But Heartless is different because the world is already set. And, at that, the world is a place where literally, nearly anything can happen. According to the self-described Type-A writer, this presented a challenge at the get-go.

"In writing Wonderland, I felt like I was constantly trying to push myself to expand my imagination of what was possible and what could happen in this world. And I kept having to remind myself that not everything has to be explained. It's OK for there to be these little details that just are, that are whimsical and fantastical, because that's the world this is," Meyer says.

And its these little details — animals talking and living human lives, trees growing out of dreams, magically large pumpkins, a crazy hatter with a penchant for playing host — are what makes Heartless stand out from so many fairy tale adaptations. Rather than explain away the nonsense, Meyer leans into it.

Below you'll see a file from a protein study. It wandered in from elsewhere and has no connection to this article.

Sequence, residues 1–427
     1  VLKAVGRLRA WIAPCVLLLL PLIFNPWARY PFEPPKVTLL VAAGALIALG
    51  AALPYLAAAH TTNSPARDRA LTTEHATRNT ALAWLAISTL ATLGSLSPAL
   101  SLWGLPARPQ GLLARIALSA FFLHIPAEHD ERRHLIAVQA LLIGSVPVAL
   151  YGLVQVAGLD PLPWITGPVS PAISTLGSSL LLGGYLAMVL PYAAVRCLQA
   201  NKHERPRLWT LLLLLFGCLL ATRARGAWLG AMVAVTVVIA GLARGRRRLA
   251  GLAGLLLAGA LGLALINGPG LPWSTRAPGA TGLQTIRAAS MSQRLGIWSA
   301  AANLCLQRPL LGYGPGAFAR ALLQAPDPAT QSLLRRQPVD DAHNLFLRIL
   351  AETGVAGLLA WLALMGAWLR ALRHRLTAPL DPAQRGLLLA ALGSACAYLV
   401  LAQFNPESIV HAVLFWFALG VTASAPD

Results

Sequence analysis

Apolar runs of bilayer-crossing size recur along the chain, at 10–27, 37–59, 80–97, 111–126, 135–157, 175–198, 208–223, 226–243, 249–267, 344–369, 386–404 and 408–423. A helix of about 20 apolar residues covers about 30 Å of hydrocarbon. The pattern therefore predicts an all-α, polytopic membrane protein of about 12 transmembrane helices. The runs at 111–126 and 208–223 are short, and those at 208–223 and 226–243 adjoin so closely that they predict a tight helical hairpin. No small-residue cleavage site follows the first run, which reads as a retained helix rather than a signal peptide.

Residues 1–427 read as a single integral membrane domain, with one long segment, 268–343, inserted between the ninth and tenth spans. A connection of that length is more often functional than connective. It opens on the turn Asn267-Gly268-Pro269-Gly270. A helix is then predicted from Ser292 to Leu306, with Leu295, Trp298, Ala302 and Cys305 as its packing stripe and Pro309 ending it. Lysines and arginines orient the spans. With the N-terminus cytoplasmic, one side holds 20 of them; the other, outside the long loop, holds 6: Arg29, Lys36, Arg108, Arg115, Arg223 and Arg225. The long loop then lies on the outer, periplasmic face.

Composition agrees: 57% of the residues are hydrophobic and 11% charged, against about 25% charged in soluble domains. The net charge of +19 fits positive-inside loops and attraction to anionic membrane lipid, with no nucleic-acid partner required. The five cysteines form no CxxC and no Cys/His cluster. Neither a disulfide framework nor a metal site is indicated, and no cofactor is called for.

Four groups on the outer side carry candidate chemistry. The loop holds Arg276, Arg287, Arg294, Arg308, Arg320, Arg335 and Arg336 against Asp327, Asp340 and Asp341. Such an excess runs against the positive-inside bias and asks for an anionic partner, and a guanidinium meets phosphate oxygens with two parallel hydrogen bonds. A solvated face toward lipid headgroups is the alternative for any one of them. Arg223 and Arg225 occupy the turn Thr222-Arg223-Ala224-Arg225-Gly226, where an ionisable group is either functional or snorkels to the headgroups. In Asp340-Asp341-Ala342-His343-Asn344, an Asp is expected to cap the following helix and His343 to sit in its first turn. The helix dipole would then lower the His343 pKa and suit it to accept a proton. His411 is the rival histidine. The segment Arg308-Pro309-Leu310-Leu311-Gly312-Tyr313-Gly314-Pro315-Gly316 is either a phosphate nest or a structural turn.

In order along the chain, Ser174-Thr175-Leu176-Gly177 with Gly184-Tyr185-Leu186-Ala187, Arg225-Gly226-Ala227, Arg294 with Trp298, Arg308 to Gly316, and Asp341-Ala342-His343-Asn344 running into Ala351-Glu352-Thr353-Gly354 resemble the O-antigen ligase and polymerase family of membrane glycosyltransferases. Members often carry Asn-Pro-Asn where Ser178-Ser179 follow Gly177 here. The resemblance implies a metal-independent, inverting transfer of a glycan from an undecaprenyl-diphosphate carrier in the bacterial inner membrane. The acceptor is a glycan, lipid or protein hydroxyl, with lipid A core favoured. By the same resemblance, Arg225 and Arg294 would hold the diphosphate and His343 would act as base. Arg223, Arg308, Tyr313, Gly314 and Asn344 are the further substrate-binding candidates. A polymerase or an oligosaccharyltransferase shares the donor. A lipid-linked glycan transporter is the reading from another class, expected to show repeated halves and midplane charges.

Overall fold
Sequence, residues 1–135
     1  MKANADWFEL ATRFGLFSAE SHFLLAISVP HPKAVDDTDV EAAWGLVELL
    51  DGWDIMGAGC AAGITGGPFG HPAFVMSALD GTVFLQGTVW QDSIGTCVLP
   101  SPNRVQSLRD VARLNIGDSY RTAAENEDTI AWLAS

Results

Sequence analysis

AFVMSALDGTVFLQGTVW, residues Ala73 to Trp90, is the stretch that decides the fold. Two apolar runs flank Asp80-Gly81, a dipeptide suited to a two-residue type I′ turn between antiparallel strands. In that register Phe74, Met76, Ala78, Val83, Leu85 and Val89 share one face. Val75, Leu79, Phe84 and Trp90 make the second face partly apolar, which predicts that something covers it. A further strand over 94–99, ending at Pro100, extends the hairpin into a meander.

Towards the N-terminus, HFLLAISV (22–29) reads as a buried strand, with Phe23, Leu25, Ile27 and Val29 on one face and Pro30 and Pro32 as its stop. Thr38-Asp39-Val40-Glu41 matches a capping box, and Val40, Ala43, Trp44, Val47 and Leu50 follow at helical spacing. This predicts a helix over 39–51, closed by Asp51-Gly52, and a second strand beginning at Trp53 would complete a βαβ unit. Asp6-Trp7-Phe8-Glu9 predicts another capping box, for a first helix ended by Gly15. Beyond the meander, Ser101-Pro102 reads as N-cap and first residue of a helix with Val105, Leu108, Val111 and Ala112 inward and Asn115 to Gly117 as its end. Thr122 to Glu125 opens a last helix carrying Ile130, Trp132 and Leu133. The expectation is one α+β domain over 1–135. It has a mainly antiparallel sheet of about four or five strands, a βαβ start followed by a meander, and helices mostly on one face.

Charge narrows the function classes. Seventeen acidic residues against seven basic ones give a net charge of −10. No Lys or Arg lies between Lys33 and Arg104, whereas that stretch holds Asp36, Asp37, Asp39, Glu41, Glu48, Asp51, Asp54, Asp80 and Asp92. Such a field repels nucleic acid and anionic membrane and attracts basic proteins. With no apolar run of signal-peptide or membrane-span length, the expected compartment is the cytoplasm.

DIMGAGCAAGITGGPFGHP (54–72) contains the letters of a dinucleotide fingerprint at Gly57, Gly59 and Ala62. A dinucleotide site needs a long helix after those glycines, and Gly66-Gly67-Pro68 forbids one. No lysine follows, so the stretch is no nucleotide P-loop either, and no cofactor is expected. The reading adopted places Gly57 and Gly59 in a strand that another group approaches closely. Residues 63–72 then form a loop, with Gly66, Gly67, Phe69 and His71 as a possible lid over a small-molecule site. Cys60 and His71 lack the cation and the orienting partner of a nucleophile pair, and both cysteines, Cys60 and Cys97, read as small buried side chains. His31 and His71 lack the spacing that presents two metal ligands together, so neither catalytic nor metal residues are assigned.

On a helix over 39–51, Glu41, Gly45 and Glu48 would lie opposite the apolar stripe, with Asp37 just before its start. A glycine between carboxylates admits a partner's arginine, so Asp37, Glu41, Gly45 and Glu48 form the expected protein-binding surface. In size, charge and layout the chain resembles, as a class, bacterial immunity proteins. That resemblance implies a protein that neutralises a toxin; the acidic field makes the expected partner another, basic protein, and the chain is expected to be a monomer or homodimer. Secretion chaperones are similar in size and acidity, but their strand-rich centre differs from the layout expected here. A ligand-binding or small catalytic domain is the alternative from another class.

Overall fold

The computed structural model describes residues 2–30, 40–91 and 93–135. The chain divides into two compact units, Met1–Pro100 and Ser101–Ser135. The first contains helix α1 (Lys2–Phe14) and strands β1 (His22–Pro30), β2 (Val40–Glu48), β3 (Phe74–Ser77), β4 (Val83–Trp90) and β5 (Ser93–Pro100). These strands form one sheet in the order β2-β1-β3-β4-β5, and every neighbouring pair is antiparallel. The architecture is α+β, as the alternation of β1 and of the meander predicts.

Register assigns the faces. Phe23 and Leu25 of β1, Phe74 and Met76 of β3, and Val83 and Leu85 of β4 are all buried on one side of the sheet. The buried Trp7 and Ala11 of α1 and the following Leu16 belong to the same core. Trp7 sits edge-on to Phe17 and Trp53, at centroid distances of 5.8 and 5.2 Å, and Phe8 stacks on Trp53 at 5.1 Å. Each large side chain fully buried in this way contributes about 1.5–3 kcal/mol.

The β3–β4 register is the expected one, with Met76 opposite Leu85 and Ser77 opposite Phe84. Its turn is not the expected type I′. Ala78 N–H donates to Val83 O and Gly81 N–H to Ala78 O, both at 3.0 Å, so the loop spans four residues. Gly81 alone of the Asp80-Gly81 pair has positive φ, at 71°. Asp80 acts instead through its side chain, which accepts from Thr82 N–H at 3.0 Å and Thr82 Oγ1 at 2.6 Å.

Maybe that's because, while she claims it goes against type for her personality, the Wonderland love is in her genes.

"My mom was a huge Alice fan, and she has Alice collectibles, and so I was constantly surrounded by Alice in Wonderland figurines, and jewelry and costumes, and she had a whole Alice in Wonderland tree for Christmas, and so I felt I knew the story intimately when I was growing up," she says.

Next for Meyer is a trilogy about teenage superheroes and the grey line between superheroes and supervillains, with the first book out next fall. But she has her sights set on another fairy tale adaptation in the future: Bluebeard. She tells Bustle that she has been imagining this alternative fairy tale, essentially about a murderer, as a contemporary YA thriller about a serial killer.

Bring it on, Marissa.

Heartless by Marissa Meyer, $13.21, Amazon

Images: Courtesy of Macmillan; @fiercereads/Instagram (2); Giphy (2)